Review: Moby-Dick

Herman Melville (1851)

This book has been one of my life-long literary goals and I feel a real sense of accomplishment having finally read it. I don’t know what surprised me more about Moby-Dick: How much I highly enjoyed it or the fact that I actually finished it. Is it long? Yes. Daunting? At times. Do I claim to understand all that has made this book the important literary landmark it’s become? No way. But, did I enjoy it and get something out of reading it? Absolutely!

So, there’s this whale and an obsessed ship captain with a peg leg who looks like Gregory Peck…well, you know the story. As the definitive portrait of 19th-century whaling, Melville interweaves a tremendous amount of information throughout his tale of obsession and revenge, some of which seems extraneous to the story, much of which is interesting, and all of which is beautifully written. Personally, I found Melville’s side trips off the main plot to be very engaging; there were only a few times in my reading that I got stuck and wondered “What the heck is he talking about?” But I kept on and was greatly rewarded in the end.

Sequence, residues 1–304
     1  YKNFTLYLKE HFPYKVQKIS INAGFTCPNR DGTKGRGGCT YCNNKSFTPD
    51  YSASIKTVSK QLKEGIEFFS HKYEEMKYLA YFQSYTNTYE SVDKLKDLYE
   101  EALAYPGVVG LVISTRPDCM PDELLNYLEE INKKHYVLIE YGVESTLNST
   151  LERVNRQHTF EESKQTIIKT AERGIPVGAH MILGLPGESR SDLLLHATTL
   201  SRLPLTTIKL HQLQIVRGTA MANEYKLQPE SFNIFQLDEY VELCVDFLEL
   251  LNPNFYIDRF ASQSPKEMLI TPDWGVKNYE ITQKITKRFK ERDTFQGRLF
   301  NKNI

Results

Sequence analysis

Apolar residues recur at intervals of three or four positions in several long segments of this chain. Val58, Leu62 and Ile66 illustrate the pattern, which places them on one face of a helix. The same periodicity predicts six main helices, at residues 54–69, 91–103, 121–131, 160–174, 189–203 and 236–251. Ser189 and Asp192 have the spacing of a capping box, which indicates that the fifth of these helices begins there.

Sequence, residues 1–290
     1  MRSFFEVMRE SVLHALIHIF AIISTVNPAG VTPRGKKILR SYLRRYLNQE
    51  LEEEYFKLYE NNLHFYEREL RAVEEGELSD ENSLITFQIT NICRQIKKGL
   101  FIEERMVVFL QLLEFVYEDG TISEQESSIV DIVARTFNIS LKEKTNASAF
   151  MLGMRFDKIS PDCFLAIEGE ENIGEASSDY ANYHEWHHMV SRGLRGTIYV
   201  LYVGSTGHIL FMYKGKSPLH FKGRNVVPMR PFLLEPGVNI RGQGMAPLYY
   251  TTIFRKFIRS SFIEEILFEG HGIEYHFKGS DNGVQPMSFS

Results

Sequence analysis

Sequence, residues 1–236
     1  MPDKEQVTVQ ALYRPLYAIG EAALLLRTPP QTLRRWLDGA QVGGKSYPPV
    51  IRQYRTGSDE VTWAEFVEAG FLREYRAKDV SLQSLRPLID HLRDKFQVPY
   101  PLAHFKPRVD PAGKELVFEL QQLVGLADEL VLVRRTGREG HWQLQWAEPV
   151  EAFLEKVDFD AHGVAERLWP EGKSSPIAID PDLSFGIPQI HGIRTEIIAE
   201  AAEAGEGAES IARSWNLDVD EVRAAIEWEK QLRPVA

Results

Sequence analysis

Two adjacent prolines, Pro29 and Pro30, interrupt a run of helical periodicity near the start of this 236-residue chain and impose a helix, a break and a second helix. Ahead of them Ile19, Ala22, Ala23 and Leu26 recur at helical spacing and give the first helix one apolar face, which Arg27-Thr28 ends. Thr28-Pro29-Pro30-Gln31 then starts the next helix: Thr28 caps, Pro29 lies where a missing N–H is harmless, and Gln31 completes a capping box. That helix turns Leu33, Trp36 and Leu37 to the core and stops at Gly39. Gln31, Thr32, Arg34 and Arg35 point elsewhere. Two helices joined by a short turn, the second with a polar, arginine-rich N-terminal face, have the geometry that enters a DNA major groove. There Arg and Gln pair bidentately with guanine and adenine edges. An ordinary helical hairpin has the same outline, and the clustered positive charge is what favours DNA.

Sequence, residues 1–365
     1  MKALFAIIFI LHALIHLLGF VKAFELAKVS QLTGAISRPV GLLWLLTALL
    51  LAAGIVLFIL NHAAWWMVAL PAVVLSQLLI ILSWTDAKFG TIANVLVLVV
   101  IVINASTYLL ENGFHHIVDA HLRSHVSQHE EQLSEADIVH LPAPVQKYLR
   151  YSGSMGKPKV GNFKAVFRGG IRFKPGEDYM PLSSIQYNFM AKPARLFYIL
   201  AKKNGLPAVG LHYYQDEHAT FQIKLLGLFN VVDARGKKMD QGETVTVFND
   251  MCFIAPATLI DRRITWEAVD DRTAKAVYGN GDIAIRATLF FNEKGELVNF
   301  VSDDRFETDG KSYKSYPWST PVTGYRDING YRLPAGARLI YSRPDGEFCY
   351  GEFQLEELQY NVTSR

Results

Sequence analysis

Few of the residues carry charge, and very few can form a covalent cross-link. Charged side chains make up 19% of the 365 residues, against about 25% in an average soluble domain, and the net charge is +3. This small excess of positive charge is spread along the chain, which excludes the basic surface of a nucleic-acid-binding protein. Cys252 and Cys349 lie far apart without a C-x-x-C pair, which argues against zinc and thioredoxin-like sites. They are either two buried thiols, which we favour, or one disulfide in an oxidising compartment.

Moby-Dick gets a bad rap as this boring, dense, difficult to read tome. I found the opposite to be true. It’s an exciting sea-faring tale, rich with memorable characters, vivid imagery, historical detail, and wonderful language. [****1/2]

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